When did you last have a good night’s sleep?

Ask yourself these questions : When was  the last time I had a good night sleep? Have I been told that I snore? Do I wake myself up at night gasping for air? Does my own snoring sometimes wake me up at night?

If you answer any of these questions with a yes, you may be suffering from undiagnosed obstructive sleep apnea.

If left untreated, OBSTRUCTIVE SLEEP APNEA can be life threatening.

Today, OBSTRUCTIVE SLEEP APNEA (OSA) diagnosis  is easier than ever before!

Obstructive Sleep Apnea

Obstructive Sleep Apnea (OSA) is recognized as repeated episodes of cessation in breathing during sleep. Sleep Apnea can be treated effectively using various approaches, including Continuous Positive Air Pressure (CPAP), oral appliance therapy and surgery.

Snoring is considered a major indicator of OSA, and risk factors include weight gain, age, family history and anatomic abnormalities. OSA is highly correlated with cardiovascular conditions such as hypertension, heart disease and stroke. OSA is also associated with daytime sleepiness, headaches, memory loss, mood changes, relationship disturbances and decreased libido.

Sleep Apnea affects an estimated 25 million adults in Europe. OSA is mainly caused by the collapse of the upper airway due to insufficient muscle tone during sleep, often in addition to certain anatomical factors.


Despite the growing awareness of the severe consequences of untreated OSA, 90% of sleep apnea patients are still undiagnosed.

Possible complications of obstructive sleep apnea are listed below as untreated sleep apnea is a major independent  risk factor leading to:



Cardiovascular disease

Cognitive impairment and daytime sleepiness



Motor vehicle accidents

Increased mortality


Diagnosis of sleep apnea

Detecting sleep apnea generally involves a sleep study, using polysomnography (PSG) to monitor various physiological functions during an overnight stay in a sleep laboratory or in a hospital. Studies have demonstrated the efficacy of  a new technology, the Watch-PAT, in diagnosing sleep apnea in the comfort of the patient’s home. Using this  new technology  would  allow the patient  to be in an environment that is more friendly  and  would better reflect the actual pattern of a patient’s sleep habits.

The functions of REM and dreaming are associated with consolidation of memory, processing newly learned material, stimulation of the brain and solving daytime problems and conflicts. REM deprivation causes memory disruption and impairs the recollection of newly learned material. REM sleep detection is fundamental to characterize and correctly analyze a sleep study. The importance of the Watch-PAT in the detection of OSA lies in its unique features, including the detection of wake, sleep, and REM states, and its proven diagnostic accuracy in apnea assessment. The key to treatment, however, is proper diagnosis.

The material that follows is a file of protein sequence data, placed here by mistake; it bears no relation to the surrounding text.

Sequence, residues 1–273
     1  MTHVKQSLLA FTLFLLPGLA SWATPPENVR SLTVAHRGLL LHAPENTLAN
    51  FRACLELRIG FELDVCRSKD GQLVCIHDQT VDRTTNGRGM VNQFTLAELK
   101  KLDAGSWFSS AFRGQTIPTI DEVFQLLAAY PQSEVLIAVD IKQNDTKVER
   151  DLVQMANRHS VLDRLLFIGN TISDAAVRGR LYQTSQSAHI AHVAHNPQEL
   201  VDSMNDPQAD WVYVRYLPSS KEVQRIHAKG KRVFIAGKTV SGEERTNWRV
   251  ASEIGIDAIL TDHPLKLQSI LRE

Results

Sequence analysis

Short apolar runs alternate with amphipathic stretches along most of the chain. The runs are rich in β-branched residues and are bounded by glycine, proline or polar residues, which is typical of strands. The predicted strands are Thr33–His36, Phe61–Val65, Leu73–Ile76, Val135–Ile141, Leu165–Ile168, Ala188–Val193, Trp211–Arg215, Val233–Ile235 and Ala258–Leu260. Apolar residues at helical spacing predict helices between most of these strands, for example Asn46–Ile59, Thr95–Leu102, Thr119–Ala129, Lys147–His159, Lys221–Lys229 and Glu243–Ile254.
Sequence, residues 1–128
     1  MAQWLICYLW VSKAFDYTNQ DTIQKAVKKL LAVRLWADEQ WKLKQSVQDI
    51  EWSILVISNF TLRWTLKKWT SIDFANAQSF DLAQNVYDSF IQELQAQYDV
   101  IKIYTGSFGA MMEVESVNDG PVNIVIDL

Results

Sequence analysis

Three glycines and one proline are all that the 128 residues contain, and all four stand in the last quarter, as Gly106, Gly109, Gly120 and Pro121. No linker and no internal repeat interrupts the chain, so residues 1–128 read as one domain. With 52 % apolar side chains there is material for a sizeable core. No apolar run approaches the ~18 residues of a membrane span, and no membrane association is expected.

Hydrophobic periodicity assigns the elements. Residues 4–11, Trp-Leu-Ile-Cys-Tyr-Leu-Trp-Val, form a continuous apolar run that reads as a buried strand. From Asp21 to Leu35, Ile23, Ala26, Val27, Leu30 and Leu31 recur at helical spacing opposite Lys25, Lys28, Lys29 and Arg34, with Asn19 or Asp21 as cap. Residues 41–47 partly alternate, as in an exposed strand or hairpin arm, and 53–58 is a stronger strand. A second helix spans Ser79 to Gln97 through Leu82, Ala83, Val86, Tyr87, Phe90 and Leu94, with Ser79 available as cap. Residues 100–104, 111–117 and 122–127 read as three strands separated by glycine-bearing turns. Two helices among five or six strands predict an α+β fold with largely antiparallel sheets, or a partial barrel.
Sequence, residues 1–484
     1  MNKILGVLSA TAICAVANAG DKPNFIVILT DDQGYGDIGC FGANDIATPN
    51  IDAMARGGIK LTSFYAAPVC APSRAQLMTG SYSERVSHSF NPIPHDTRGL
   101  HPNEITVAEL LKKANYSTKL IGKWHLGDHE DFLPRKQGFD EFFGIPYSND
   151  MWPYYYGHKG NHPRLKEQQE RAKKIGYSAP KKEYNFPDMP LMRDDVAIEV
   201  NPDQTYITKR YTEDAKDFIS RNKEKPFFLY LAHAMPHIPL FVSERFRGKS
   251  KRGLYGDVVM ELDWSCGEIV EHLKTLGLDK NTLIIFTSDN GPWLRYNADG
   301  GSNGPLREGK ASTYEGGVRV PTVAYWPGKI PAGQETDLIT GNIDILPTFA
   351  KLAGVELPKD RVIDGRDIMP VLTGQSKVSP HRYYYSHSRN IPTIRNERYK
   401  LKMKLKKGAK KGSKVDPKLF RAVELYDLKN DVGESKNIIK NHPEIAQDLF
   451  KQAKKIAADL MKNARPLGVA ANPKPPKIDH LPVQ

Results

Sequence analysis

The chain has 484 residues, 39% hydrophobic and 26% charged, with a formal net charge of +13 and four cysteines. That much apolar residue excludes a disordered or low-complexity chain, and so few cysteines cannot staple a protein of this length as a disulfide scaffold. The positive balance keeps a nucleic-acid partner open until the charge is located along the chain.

The  Watch-PAT is a new, clinically proven diagnostic device utilizing innovative technology that enables accurate detection of sleep related breathing disorders, in the comfort of the patient’s home. By monitoring changes in peripheral arterial tone and activity, as well as in blood oxygen saturation levels, the Watch-PAT  identifies apnea events at very high sensitivity and specificity levels.  One just has to place a watch-like apparatus on one’s wrist, a probe on one’s finger, and a small “microphone” by the sternal notch before going to sleep, and the technology will collect data on the sleep pattern!  The wrist-mounted Watch-PAT has been clinically validated in multiple studies as a very reliable and effective technology, with outcomes comparable to in-hospital PSG sleep studies.  Thanks to  this newer technology, one is now able to diagnose sleep apnea  while enabling patients to benefit from a quick and reliable test in their own homes.

Sleep is a major factor in our overall health and well being. This brief quiz from the American Academy of Sleep Medicine may provide a clue to your sleep profile. If you answer true more than twice, you may want to discuss your sleep problem with Doctor Boyle and discuss the possibility of ruling out OSA.

1.  I feel sleepy during the day, even when I get a good night’s sleep.   True/False

2.  I get very irritable when I can’t sleep.   True/False

3.  I often wake up at night and have trouble falling back to sleep.   True/False

4.  It usually takes me a long time to fall asleep.   True/False

5.  I often wake up very early and can’t fall back to sleep.   True/False

6.  I usually feel achy and stiff when I wake up in the morning.   True/False

7.  I often seem to wake up because of dreams.   True/False

8.  I sometimes wake up gasping for breath.   True/False

9.  My bed partner says my snoring keeps her/him from sleeping.   True/False

10.  I’ve fallen asleep while driving.   True/False

Call our office and schedule your consultation for evaluation of a need for a sleep study, and begin your study tonight in comfortable, affordable manner!